It is interesting to see risk profiling tools being selected in over a third of occasions although it is still not clear whether the tools separately assess a client’s capacity for loss, in addition to their attitude towards risk, following the FSA’s guidance in this area (‘Assessing Suitability: establishing the risk a customer is willing and able to take and making a suitable investment solution’).
Although not included as a filterable feature, back-office integration capabilities are undoubtedly a consideration and can streamline administration significantly.
Most platforms have integration links with one or more of the client relationship management systems, ranging from Capita Financial Software’s Client Care Desktop, Adviser Office from Avelo, through to Durell and Plum Software.
While this may not be the primary reason for selecting one platform over another it can have a significant effect on a firm’s decision – particularly if one platform supports integration with an existing back-office system.
Where fund sectors were specified (using IMA sector classification), Sterling Corporate Bond, Europe excluding UK and Asia Pacific excluding Japan were the top three selections.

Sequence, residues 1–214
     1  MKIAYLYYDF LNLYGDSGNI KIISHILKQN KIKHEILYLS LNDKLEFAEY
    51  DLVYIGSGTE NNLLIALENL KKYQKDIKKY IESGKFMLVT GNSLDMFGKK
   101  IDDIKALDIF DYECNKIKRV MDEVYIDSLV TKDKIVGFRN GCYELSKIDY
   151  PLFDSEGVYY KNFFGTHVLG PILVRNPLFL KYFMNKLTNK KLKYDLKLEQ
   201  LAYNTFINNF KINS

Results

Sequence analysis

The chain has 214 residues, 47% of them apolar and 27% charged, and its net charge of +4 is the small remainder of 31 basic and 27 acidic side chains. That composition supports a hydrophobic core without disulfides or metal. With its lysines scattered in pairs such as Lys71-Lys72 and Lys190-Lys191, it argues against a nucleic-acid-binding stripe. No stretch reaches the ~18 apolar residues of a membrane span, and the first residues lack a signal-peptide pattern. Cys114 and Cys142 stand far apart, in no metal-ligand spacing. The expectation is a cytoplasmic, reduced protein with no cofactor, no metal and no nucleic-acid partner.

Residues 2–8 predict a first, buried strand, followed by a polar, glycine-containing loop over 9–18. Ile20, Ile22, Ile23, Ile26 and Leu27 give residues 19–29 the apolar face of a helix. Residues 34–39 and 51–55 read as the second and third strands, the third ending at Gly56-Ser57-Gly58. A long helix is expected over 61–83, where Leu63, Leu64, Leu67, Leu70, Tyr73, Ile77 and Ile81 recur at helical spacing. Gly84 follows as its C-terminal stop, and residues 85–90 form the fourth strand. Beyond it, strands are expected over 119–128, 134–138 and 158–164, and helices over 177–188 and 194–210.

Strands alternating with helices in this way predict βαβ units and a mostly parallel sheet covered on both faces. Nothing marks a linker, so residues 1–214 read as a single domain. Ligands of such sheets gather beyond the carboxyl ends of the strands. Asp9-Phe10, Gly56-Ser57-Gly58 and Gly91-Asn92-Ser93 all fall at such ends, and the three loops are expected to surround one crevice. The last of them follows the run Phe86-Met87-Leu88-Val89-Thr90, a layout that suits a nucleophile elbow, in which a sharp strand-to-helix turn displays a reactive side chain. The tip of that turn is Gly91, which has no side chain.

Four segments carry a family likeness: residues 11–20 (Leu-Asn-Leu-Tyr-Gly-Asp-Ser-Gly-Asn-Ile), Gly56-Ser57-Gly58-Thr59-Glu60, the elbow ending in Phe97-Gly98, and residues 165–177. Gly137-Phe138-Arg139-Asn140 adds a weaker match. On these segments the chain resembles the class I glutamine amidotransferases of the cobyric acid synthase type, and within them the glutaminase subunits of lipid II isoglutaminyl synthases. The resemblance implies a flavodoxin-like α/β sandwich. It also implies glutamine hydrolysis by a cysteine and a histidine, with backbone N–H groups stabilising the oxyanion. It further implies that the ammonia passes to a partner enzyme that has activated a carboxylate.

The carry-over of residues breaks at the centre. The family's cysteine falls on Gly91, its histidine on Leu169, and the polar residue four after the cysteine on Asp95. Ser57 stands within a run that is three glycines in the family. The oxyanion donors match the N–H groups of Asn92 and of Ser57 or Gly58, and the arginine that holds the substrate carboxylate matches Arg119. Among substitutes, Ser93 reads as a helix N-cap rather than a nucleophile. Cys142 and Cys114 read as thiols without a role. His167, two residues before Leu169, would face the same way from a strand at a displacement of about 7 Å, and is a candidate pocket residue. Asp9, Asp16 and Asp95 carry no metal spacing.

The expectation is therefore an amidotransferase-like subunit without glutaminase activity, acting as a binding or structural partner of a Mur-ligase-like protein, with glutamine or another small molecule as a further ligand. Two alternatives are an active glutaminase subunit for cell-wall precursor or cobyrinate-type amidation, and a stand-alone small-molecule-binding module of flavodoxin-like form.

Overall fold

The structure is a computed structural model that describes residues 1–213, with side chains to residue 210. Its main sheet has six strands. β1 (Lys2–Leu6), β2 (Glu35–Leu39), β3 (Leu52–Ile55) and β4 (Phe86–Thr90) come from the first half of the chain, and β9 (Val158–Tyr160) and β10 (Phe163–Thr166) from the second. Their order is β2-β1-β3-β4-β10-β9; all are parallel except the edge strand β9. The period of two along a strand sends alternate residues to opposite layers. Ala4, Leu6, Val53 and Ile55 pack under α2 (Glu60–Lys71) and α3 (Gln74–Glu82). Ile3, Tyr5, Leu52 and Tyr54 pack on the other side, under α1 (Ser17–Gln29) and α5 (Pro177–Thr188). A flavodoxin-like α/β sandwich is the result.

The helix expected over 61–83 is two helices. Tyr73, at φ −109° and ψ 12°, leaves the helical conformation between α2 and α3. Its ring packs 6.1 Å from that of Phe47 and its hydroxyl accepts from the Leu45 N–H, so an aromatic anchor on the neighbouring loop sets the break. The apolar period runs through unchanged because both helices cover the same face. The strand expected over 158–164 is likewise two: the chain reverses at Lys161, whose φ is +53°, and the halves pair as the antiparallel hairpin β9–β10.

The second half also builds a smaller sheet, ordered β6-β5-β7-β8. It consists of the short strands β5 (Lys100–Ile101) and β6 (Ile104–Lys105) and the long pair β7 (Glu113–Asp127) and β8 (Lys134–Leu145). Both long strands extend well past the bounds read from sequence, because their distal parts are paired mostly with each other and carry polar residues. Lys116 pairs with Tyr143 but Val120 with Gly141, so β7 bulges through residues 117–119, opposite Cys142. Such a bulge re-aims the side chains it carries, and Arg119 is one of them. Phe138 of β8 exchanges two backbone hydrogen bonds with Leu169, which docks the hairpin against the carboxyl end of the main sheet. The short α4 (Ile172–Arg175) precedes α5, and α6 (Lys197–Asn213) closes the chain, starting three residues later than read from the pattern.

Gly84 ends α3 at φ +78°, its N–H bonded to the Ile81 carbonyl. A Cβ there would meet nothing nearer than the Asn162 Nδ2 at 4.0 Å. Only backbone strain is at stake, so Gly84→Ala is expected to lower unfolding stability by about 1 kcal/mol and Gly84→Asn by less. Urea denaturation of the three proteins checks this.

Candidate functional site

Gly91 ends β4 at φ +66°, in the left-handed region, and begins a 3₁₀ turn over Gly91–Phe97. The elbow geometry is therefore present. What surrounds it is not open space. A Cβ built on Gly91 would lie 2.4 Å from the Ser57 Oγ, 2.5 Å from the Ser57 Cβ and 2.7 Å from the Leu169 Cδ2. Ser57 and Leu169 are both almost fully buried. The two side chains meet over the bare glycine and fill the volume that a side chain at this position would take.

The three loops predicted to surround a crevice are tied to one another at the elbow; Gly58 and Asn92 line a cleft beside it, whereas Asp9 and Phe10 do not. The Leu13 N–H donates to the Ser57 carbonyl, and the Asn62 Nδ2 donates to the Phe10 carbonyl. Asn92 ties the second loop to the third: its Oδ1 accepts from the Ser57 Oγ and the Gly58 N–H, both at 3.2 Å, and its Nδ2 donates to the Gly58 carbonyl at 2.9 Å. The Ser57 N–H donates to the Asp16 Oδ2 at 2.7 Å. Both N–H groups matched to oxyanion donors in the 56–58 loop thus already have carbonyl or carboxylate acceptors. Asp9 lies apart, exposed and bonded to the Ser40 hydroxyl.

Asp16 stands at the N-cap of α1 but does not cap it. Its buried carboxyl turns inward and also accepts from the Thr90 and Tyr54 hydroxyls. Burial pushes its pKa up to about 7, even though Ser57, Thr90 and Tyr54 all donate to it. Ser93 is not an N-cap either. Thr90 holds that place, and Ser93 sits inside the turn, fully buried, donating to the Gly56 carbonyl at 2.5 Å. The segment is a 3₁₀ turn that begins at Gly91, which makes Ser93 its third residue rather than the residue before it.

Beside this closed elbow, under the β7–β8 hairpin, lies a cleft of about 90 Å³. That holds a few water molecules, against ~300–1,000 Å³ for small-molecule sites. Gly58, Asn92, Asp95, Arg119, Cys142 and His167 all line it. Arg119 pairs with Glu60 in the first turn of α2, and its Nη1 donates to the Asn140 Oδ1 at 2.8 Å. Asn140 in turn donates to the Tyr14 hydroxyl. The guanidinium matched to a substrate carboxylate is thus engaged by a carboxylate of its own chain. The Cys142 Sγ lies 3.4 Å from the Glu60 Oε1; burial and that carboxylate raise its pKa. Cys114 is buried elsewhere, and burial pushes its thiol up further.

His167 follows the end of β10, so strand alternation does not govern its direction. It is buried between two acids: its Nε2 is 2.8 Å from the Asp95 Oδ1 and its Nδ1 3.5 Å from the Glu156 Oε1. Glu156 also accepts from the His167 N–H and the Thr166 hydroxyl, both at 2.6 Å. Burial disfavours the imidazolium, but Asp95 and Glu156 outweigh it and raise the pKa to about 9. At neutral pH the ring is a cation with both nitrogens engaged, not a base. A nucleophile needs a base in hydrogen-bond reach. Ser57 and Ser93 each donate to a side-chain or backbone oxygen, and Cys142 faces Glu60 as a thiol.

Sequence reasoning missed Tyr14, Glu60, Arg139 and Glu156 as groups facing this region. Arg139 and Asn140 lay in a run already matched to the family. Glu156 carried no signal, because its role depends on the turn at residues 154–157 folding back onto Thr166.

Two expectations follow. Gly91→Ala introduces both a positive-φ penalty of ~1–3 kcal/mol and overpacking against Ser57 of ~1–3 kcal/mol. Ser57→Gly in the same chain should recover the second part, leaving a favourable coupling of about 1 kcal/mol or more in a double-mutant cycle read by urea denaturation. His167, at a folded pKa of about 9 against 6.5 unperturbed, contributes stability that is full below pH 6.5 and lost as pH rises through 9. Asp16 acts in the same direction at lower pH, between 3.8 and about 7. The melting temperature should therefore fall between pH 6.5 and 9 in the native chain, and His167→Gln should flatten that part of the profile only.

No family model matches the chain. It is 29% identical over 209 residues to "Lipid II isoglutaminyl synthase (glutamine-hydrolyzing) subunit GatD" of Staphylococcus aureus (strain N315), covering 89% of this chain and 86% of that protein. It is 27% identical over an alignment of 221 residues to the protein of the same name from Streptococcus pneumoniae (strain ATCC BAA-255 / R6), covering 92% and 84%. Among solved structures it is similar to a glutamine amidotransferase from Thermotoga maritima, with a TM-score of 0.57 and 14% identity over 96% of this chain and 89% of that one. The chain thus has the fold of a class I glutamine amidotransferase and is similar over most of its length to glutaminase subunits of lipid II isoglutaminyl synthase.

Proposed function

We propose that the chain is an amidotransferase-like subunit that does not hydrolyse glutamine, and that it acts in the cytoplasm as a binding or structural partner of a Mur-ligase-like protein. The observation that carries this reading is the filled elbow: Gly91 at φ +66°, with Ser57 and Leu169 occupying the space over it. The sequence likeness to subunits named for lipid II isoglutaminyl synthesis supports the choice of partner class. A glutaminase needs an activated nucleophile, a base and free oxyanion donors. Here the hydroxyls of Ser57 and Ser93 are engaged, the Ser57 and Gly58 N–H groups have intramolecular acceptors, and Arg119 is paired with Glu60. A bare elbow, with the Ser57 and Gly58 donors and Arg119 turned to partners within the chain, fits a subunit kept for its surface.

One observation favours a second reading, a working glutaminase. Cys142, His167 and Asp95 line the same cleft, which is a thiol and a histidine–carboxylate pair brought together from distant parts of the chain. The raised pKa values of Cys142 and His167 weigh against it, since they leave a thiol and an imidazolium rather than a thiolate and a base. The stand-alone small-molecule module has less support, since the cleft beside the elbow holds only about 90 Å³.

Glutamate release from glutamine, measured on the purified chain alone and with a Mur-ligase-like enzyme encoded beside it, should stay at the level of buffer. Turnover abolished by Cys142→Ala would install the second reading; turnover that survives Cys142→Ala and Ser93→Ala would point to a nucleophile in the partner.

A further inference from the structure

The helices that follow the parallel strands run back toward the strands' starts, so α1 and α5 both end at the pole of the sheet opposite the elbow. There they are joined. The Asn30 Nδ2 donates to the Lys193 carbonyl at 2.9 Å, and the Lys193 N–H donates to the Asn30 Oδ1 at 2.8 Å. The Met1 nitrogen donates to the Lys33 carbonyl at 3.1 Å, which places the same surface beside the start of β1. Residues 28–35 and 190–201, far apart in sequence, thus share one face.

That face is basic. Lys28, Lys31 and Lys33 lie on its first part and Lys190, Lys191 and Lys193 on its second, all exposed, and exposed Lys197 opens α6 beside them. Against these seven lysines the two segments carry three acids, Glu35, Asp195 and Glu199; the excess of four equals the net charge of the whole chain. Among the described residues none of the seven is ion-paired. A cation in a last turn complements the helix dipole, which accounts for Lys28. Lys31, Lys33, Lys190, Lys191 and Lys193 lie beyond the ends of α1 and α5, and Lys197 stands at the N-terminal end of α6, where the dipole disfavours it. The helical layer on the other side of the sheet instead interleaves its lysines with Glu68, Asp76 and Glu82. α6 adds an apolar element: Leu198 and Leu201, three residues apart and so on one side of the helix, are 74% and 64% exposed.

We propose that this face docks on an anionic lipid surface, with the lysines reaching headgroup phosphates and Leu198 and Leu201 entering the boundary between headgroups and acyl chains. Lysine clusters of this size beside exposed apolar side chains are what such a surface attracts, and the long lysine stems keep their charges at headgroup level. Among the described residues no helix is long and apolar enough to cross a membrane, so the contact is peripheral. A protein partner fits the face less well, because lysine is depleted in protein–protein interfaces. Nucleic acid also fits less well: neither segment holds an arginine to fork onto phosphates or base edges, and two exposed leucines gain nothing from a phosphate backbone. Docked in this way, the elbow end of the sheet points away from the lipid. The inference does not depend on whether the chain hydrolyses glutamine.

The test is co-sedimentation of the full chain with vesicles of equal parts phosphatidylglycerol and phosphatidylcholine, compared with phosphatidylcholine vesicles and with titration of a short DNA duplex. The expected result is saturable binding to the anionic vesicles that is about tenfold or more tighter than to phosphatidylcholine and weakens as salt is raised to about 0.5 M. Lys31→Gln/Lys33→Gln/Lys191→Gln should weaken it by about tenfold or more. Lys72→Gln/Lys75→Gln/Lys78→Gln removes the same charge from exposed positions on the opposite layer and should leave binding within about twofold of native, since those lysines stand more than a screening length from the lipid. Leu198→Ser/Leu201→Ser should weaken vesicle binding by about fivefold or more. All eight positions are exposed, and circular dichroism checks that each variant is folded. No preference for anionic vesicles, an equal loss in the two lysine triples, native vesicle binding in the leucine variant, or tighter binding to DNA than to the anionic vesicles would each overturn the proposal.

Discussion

Platforms selected in the research
When we look at end-to-end research, culminating in production of a suitability report for a single platform, the data shows that there is still a degree of subjective adviser preference applied.
As an example, while ranked first 32 per cent, Skandia was selected in 42 per cent of scenarios.
Transact was selected in less than 9 per cent of all research conducted, despite the fact that it topped the ranking comparison 27 per cent of the time.
Scenarios concluding with a selection showed Skandia, Axa Elevate and Standard Life appearing in first, second and third place, respectively.
The top 10 platforms accounted for 98 per cent of adviser selections. These results, however, do not tell the whole story and we are currently collating figures in relation to new business placed with each platform from our platform due diligence tool, Synaptic Comparator.
With the Zurich Intermediary Platform now launched following a series of delays, it will be interesting to see how the selections and volumes change over the next 12 months.
With the RDR now in force, it will also be interesting to find out what the platforms have up their sleeves to keep up with legislation and advisers’ evolving needs.
In the meantime, it’s reassuring to see that while cost remains a major factor in platform selection, other measures of identifying the most suitable option for a client are being taken into account.
Ellen Ashcroft is research manager at Capita Financial Software